DOJ to Comelec: File proper case to unseat elected pols

The justice secretary, herself a former election lawyer, says a mere letter to agencies cannot remove officials for failure to file their campaign spending reports

FILE A CASE. Justice Secretary Leila de Lima calls on Comelec to file proper case proceedings to unseat local officials who failed to submit proper campaign spending reports. File photo by AFP/Jay Directo

MANILA, Philippines – Mere letters cannot remove local officials who failed to submit campaign spending reports.

Justice Secretary Leila de Lima reminded the Commission on Elections (Comelec) about this, and advised the poll body to instead file quo warranto proceedings against the negligent elected officials.

In an interview with reporters on Tuesday, December 17, De Lima said she submitted a memo opinion to the President after Comelec issued an order for 424 local officials to vacate their offices for their failure to submit their Statement of Election Contributions and Expenditures (SOCE), not using the prescribed forms for their reports, or not signing the SOCE themselves.

Election lawyer George Garcia told Rappler earlier, however, that the poll body doesn’t have the authority to unseat sworn-in officials based on deficiencies in their SOCE.

Garcia said: “Law and jurisprudence are clearly against the Comelec on this action. Comelec jurisdiction ends once [candidates] are proclaimed and serving.”

De Lima shared this opinion. A former election lawyer herself, she said the only legal remedy to remove these already-elected officials is through the filing of quo warranto proceedings, which will hold them ineligible to continue holding office.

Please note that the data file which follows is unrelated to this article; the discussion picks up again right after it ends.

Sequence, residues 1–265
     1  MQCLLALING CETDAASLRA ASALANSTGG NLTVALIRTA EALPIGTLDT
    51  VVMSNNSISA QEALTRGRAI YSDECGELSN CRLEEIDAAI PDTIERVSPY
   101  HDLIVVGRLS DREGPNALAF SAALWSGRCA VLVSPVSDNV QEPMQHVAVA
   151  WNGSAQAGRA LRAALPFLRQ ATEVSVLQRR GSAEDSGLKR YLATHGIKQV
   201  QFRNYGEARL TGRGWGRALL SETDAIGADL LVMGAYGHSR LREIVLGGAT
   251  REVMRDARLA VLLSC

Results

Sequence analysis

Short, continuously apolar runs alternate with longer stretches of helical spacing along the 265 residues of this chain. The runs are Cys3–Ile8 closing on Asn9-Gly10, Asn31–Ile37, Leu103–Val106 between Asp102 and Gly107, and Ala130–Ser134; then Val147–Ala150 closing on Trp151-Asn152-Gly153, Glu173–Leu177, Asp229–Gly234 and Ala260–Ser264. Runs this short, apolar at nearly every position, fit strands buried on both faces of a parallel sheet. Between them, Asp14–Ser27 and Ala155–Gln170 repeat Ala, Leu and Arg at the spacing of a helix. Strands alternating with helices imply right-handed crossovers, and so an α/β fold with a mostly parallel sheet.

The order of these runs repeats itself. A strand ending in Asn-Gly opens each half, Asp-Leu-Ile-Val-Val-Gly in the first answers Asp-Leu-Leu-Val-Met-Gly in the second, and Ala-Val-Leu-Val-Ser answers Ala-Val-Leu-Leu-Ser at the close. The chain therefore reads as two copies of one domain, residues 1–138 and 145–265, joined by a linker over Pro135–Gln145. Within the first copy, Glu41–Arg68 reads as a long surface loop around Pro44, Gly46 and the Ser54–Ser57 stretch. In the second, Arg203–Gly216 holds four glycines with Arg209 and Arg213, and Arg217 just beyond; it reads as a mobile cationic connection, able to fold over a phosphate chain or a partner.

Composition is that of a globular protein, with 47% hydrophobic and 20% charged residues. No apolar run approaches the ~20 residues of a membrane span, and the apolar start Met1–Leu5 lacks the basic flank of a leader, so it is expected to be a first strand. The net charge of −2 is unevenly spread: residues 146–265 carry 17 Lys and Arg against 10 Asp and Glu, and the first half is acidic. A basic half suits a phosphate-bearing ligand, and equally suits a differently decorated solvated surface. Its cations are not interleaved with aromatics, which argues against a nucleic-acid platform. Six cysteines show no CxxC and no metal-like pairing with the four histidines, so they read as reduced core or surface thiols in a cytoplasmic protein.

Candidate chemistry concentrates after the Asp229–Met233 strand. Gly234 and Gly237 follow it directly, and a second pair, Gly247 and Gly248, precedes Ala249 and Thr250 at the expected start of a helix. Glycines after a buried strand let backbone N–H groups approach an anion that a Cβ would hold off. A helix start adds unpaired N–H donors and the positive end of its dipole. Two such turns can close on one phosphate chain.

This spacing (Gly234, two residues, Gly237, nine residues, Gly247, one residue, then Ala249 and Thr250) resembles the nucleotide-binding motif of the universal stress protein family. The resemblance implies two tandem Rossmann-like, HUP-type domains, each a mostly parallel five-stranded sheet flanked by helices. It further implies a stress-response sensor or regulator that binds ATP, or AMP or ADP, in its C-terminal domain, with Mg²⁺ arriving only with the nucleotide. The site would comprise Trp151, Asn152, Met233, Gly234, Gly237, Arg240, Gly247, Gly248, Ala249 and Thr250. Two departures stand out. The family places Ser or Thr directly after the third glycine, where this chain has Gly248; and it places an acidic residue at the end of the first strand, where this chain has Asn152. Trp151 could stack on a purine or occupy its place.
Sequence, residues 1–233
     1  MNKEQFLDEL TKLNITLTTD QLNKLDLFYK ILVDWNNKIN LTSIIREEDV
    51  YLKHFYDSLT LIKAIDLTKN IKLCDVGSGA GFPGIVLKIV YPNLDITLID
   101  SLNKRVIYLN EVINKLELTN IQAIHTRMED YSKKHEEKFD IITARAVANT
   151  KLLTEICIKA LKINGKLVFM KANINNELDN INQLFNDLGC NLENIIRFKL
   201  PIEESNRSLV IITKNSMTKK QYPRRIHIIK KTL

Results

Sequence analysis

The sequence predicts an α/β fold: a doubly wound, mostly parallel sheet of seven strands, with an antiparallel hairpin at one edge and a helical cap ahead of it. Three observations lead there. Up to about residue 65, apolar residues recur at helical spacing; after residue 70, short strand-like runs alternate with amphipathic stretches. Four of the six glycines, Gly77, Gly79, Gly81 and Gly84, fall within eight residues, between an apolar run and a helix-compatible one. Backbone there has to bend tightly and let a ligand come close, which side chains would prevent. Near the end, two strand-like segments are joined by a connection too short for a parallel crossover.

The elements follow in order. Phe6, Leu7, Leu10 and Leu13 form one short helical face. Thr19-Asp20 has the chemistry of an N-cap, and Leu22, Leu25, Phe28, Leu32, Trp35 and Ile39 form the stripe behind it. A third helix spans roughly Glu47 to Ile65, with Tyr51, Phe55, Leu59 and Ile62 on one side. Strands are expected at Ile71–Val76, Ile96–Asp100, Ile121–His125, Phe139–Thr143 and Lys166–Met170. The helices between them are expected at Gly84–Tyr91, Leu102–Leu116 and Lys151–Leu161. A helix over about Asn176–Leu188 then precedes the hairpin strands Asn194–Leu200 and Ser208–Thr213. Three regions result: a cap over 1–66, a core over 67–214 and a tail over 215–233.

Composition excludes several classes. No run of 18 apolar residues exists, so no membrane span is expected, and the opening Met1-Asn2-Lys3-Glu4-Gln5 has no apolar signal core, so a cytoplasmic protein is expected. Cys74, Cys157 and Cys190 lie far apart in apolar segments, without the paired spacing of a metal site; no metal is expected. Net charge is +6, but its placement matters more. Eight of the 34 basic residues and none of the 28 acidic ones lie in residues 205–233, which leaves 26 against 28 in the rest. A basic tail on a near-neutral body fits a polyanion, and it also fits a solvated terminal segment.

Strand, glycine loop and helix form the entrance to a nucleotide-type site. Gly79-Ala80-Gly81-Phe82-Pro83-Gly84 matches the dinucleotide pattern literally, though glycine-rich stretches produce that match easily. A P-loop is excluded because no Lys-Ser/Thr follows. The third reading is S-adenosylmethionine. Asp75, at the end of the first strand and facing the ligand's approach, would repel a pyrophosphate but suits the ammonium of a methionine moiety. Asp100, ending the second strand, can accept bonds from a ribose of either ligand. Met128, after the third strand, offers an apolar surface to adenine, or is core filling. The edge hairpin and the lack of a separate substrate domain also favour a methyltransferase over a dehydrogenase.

A total of 155 officials, including 4 congressmen, did not submit their SOCE. There were 104 officials on the list who did not personally sign their SOCE, while 165 did not use the prescribed form.

The poll body sent letters to Secretary Manuel Roxas of the Department of the Interior and Local Government (DILG) and House Speaker Feliciano Belmonte Jr. to implement the order.

While Roxas was willing to implement the Comelec order, Belmonte said the poll body was “OA” (overacting), and just called on congressmen to show proof they submitted documents, or to correct the papers they submitted.

“A mere letter is not enough, does not sufficeIt has to be a decision or resolution in proper proceedings,” De Lima said

The justice secretary also identified where the quo warranto cases should be filed:

  • Comelec, for city and provincial officials
  • Regional Trial Court, for municipal officials
  • House of Representatives Electoral Tribunal, for representatives
  • Senate Electoral Tribunal, for senators

“The Comelec cannot just ask the assistance of DILG or the speaker of the House of Representatives to order officials concerned to vacate. It’s not as easy as that,” De Lima said.

No guidelines?

De Lima also noted the lack of guidelines in ensuring that all winning candidates have submitted their SOCE.

She stressed that Republic Act 7166 and a memorandum signed by DILG and Comelec already identified SOCE as a requirement before allowing one to run for public office.

RA 7166 states that all candidates, winning or losing, have to submit their SOCE within 30 days after the day of election, and that winning candidates shall not assume office without submitting the SOCE.

In March 2012 – more than a year before the mid-term elections – Comelec and the DILG even signed a memorandum of agreement, requiring winning candidates in local races to show the DILG a certification from Comelec that they had submitted their SOCE before they could assume their posts.

“I am afraid they did not [come up with proper guidelines] because they’re just doing it now,” De Lima said.

The justice secretary shared the position of officials earlier interviewed by Rappler, who said the Comelec should have checked its record-keeping system and sent prior notices before issuing the orders. –

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